Colloquium: Final Dystopia
Your third essay should focus on one of the novels on which you have not yet written an essay, OR on comparing/contrasting two of the novels, on at least one of which you have not previously written an essay.
Length: about 6-7 pages / 1500-1750 words
Draft due F 16 Nov
Final version due W 21 Nov. (attach copies of your draft and your class reviewers’ signed comments).
You will discuss your work in progress at two different points. You will meet with either Rachael Green (x 2718, <rgreen>) or Prof. Michel (x6389, <fmichel>) at least once in the preparation of the essay. You'll discuss your draft with classmates on Friday 16 Nov. (bring four copies).
You will also need to submit your essay electronically to Turnitin. class id# 1981460
Here are some possible topics. You are free to develop others. If you choose another topic, you must send me an email with a few sentences about your plans by 11/15.
Note that these topics will not supply you with a thesis or a structure. The essay should have a clearly-stated thesis that takes account of both conceptual and stylistic aspects of the text and relates them to each other. The thesis should be supported through quotations from the text and through analytic discussion of quoted words, phrases, and sentences. More information on how to write an essay can also be found in guides to academic writing available in the Writing Center library and through these links.
How did this dystopia come about? About what is the text warning its readers? How did aspects of economic inequality, gender relations, religious practices, environmental damage, or other cultural or political factors influence the dystopic world? What continuities are there between the dystopic and pre-dystopic societies represented in the novel?
What does the novel suggest about resistance or rebellion? Who rebels against or resists the dominant social and political order? What motivates their resistance? What forms of resistance or rebellion take place in the novel, and what are the goals of such resistance or rebellion?
What’s the role of storytelling in the novel? How do(es) the perspective(s) of the narrator(s) shape the meaning of the novel and its effects on readers? What does the novel suggest about retrospective knowledge and the understanding of history?
What’s the relation between the personal and the political, or the public and the private? How are these boundaries erased or redrawn in the dystopian world? How do romantic or sexual relationships constitute or undermine possibilities of resistance?
What's the role of religion in this novel? How does religion shape structures of identity, community, behavior, and/or law? What does the work suggest about the relations between religious belief and religious institutions?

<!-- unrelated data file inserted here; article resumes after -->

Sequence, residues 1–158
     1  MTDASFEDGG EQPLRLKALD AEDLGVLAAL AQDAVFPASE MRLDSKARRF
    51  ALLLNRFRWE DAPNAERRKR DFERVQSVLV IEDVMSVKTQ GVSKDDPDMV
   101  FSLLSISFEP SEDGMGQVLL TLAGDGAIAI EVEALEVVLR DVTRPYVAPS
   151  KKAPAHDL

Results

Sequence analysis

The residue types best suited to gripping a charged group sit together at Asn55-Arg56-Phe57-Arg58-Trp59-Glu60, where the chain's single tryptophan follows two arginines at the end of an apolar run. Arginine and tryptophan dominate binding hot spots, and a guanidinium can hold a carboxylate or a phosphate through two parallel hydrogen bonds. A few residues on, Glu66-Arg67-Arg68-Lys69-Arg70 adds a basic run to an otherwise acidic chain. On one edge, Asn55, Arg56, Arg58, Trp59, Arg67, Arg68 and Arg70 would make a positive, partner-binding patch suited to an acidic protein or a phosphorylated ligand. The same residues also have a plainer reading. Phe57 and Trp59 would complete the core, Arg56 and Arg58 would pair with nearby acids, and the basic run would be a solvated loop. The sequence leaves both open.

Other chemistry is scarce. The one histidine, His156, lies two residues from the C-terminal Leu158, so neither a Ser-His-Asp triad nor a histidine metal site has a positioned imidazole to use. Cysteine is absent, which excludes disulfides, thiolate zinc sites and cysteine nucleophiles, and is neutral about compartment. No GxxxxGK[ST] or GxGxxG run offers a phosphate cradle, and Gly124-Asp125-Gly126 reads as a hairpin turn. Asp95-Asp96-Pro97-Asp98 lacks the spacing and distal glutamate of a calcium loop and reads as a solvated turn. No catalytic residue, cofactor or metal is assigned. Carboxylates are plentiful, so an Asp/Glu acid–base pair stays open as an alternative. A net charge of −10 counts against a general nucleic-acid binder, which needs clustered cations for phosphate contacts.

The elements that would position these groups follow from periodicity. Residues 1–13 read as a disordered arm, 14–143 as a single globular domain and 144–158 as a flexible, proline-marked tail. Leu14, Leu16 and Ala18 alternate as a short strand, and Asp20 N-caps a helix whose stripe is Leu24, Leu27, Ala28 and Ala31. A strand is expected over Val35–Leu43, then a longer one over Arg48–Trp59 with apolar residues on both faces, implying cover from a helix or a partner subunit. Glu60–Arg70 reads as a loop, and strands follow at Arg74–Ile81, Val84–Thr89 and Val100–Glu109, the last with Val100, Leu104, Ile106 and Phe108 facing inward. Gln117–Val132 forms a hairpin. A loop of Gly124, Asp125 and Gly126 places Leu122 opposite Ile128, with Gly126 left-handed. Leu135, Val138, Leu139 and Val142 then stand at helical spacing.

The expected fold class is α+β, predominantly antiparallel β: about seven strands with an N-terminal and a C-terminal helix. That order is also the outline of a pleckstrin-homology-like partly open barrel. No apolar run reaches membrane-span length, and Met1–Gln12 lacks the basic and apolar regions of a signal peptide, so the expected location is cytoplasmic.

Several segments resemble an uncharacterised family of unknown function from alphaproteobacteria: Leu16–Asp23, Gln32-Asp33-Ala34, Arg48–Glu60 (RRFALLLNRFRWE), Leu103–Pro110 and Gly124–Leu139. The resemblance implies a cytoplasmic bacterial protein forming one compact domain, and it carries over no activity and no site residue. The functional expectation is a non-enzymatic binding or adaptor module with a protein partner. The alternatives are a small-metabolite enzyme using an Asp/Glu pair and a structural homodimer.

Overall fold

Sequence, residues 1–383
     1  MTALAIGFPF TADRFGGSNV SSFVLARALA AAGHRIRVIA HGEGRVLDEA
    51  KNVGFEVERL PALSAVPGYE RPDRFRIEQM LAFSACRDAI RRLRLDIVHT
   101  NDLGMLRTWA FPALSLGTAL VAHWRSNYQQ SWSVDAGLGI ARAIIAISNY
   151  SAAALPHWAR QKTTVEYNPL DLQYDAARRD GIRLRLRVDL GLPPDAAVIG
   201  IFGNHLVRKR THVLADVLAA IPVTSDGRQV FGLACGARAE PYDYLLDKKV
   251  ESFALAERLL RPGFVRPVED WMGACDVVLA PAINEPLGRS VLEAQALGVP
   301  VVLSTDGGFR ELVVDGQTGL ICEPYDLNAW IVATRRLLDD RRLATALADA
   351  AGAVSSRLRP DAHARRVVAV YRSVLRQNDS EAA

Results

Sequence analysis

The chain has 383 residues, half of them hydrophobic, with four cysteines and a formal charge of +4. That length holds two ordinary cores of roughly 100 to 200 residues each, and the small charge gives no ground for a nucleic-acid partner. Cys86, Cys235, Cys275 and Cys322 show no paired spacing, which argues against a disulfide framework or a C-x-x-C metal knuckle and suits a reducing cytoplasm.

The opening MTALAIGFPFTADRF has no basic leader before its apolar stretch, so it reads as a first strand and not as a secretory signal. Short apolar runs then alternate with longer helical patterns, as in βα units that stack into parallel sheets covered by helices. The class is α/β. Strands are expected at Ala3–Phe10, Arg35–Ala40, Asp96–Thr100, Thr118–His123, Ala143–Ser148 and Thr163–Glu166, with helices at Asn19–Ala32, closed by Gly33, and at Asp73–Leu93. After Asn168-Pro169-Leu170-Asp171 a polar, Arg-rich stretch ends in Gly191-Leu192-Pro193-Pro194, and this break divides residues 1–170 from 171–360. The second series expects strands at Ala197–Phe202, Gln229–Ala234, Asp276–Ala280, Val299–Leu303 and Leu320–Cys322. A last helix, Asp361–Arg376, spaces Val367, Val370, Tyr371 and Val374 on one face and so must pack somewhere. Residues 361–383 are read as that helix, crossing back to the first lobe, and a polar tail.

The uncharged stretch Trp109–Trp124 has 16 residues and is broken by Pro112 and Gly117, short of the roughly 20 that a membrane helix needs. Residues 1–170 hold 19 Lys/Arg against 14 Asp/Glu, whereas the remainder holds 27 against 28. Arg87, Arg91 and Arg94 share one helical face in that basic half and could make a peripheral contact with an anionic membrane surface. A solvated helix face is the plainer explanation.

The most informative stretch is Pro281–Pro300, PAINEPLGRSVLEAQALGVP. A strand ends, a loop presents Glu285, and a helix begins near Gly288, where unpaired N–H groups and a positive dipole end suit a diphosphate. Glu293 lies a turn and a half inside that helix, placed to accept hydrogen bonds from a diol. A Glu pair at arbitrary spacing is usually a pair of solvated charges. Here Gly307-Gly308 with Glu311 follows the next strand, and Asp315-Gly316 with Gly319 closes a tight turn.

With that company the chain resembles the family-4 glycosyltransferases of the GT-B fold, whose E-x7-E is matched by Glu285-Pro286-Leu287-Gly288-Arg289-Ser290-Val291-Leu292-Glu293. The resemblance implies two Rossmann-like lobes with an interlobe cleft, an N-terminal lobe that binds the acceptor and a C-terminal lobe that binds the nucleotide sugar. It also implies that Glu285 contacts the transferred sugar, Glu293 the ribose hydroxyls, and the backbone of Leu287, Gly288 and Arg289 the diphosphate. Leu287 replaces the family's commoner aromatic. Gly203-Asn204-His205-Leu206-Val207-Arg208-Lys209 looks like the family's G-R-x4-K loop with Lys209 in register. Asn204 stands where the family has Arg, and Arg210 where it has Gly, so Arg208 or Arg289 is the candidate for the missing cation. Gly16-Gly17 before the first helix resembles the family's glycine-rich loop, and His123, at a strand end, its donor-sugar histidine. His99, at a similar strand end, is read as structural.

How does the ending of the novel shape its meaning?
In this paper, your purpose is to read and think carefully about an aspect of one of the assigned dystopian novels on which you have not previously written, and to consider its political, social, or cultural implications.
Your readers, you should assume, have read the text, but they haven’t read it with the same questions in mind that you have, so they will most certainly expect you to provide examples from the texts and to give them a little context for remembering the place of those examples. Help your readers out by being careful, if you quote directly from the text, to explain what the quotation is meant to point to or argue or support. Tell your readers where they may read an example you’ve referred to in the original themselves, by putting page numbers in parentheses directly following.
Because you are writing an essay, there is no set organization, but you should certainly have an introduction and a conclusion! Between them you’ll organize your material to make the best case. Often writers want to move from the most obvious example to one that would have been harder to see if a pattern weren’t already in place. Or they move from least important to most important. Or one point really depends on a previous one and must, therefore, follow it. Once you’ve decided what your arguments are, you can best decide what order they belong in.
For this essay, support should probably come entirely from the primary text. Quote sparingly, but refer to passages in the text through summary or paraphrase and cite the page numbers in parentheses. If you do consult other sources, you must cite them as well. Provide full bibliographical citations for the novel and for any other sources you draw on in MLA style at the end of your paper. You may refer to Hacker for the form.
The English editing conventions for this essay are those of the scholarly world: you should write in a human voice (think of you at your best here!), but a scholarly human written voice. That means precise diction, carefully formed sentences, and no errors in grammar, punctuation, mechanics, or spelling. It is wise to get in the habit now of using a header for your first initial, last name, and page number. Do not produce a separate title page. Put your name, the course name, and the date top left; center the title (same font as the rest of the paper) below that; skip two lines, and let the essay follow (double-space your pages and leave 1” margins all round).
Excellent papers will have an engaging thesis, will not only notice textual details but also consider their meaning, and will reflect their writer’s attempt to get beyond “this is what I’ve always known and thought” reasoning. They will be persuasive partly because their examples are well chosen and well explained, and also because they are organized in a compelling sequence. They will use words carefully. They may even craft sentences elegantly!
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